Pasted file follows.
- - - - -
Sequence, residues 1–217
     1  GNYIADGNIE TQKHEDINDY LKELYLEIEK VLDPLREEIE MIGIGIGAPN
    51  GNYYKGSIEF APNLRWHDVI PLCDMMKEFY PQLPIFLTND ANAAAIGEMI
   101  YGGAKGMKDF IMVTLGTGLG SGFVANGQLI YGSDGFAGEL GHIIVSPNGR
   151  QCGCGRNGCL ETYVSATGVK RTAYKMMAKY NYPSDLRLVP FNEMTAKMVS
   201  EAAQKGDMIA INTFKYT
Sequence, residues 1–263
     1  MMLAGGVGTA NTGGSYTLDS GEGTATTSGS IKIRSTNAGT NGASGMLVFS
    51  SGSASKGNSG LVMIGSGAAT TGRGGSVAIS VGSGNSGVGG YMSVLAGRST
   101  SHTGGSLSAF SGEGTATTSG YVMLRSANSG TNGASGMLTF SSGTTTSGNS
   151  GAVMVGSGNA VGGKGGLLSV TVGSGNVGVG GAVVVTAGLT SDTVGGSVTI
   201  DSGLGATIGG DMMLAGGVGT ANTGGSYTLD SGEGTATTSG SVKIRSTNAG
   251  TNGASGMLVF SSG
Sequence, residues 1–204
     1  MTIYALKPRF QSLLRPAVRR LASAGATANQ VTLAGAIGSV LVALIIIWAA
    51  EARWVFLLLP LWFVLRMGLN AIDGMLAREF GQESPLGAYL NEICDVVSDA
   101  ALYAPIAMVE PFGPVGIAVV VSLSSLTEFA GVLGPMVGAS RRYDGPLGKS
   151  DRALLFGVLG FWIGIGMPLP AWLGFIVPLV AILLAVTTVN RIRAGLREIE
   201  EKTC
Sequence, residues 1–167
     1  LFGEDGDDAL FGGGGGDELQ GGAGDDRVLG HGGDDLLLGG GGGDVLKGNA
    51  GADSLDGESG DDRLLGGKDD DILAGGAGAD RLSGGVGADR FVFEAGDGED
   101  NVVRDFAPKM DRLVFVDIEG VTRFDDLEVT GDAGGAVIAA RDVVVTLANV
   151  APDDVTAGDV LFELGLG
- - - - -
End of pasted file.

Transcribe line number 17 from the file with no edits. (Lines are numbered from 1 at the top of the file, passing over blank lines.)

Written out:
   101  ALYAPIAMVE PFGPVGIAVV VSLSSLTEFA GVLGPMVGAS RRYDGPLGKS